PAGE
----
The world’s largest bonfires will illuminate the hillsides of Kyoto’s surrounding mountains Aug. 16 bringing this year’s Bon festival to a close.
The Gozan no Okuribi, or ceremonial bonfires, are formed in the shapes of various Japanese characters. The most famous of these is lit on Mount Daimonji and takes the form of the kanji “dai,” meaning “large.” After that bonfire is set ablaze at around 8 p.m., four other gigantic fires are lit in approximately 10-minute intervals. By 8:30 p.m. all the hillsides will be alight, each lasting for about 30 minutes.
As tradition dictates, the bonfires mark not only the end of the festival but also the final day that ancestral spirits will be among the living before they depart back to the spirit realm. People take time during the Bon festival to visit and clean their ancestors’ graves and pay respects at family altars. Prior to the bonfires, prayers and wishes for health and family welfare are written on pieces of wood that will be taken to the mountains for burning.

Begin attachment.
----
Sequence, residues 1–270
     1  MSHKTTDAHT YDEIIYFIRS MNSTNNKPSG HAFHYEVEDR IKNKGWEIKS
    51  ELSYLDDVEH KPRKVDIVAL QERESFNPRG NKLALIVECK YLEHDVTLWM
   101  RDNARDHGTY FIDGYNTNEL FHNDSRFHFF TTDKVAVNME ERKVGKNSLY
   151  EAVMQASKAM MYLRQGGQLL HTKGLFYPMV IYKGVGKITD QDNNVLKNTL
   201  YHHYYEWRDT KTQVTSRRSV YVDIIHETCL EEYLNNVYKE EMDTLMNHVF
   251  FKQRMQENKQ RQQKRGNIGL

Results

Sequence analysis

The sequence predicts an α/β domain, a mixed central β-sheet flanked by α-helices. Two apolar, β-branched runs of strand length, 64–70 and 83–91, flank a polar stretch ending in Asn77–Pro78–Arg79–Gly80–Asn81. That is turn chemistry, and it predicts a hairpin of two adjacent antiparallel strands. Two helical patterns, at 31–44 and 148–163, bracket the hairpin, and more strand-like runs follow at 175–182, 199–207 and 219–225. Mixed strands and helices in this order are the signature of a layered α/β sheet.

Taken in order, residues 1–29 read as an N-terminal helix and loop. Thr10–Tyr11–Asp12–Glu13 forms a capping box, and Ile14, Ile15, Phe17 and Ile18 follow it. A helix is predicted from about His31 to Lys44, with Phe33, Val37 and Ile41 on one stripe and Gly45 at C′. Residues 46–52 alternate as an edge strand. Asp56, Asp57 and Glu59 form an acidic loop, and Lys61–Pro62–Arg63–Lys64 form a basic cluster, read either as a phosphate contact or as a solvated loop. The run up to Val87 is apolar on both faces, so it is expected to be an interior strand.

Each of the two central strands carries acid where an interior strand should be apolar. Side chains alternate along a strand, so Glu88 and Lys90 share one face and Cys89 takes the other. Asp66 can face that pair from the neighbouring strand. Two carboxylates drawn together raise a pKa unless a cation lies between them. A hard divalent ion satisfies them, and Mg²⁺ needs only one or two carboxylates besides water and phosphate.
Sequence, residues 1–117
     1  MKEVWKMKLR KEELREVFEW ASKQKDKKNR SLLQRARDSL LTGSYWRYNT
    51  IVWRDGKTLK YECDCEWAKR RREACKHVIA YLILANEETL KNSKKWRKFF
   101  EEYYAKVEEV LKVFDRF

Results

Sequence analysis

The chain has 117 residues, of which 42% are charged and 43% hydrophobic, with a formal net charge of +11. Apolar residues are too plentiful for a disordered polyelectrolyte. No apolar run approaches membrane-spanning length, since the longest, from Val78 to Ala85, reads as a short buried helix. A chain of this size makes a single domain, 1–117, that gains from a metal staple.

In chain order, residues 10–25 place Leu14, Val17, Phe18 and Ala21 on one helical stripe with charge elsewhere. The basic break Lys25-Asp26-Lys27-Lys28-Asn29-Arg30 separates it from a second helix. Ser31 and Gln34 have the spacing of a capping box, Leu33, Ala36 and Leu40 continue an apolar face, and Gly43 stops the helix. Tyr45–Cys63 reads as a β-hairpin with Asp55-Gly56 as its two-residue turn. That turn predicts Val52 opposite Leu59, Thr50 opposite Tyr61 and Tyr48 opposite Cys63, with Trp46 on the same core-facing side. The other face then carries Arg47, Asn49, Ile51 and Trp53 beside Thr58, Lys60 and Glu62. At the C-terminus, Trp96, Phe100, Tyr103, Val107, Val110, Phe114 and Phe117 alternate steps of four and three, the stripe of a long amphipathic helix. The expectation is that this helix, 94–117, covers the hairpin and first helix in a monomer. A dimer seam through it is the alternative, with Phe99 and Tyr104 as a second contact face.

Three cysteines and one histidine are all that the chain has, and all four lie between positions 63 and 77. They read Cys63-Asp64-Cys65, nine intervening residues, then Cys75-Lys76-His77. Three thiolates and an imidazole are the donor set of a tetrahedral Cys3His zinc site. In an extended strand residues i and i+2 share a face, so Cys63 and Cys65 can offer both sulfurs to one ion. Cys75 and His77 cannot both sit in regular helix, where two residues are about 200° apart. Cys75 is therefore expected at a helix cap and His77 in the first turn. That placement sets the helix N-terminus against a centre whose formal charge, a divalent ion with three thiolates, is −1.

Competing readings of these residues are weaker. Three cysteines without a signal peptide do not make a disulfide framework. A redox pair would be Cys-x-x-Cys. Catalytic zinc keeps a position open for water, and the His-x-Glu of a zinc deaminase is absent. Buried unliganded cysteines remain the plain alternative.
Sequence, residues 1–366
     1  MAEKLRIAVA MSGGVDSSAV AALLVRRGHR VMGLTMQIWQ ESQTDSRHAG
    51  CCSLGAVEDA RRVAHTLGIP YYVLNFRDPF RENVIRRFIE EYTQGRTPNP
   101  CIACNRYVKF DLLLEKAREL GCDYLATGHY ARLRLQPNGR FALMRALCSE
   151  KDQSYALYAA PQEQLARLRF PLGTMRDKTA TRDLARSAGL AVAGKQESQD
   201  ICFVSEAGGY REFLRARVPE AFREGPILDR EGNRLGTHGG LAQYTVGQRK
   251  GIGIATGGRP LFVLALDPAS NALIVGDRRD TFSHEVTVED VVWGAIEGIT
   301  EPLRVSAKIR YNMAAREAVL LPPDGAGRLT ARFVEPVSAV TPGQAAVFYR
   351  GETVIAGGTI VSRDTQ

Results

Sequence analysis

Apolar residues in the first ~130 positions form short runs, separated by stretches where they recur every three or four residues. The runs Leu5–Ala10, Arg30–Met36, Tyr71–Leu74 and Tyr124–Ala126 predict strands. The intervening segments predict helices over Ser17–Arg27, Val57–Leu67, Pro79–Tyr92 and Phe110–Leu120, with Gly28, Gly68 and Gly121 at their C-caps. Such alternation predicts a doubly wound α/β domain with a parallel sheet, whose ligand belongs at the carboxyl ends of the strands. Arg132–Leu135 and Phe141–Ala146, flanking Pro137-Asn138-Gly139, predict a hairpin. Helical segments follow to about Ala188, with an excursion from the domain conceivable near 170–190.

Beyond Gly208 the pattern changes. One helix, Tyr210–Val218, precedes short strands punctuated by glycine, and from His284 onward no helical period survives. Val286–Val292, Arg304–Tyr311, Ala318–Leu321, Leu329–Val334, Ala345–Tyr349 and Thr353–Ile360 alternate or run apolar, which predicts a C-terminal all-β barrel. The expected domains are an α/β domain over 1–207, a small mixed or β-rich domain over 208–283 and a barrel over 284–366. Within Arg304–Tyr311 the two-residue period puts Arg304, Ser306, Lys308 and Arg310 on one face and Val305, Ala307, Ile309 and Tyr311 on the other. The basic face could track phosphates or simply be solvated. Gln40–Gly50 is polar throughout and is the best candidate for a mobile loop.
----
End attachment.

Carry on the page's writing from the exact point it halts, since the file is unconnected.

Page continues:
From Nakagyo Ward, at the center of Kyoto, you can get a clear view of all five bonfires. Many locals will also head to the Kamo River, between Sanjo and Imadegawa Streets, for the best view.
The Gozan no Okubiri takes place Aug. 16 from 8:30 p.m. on the hills surrounding Kyoto.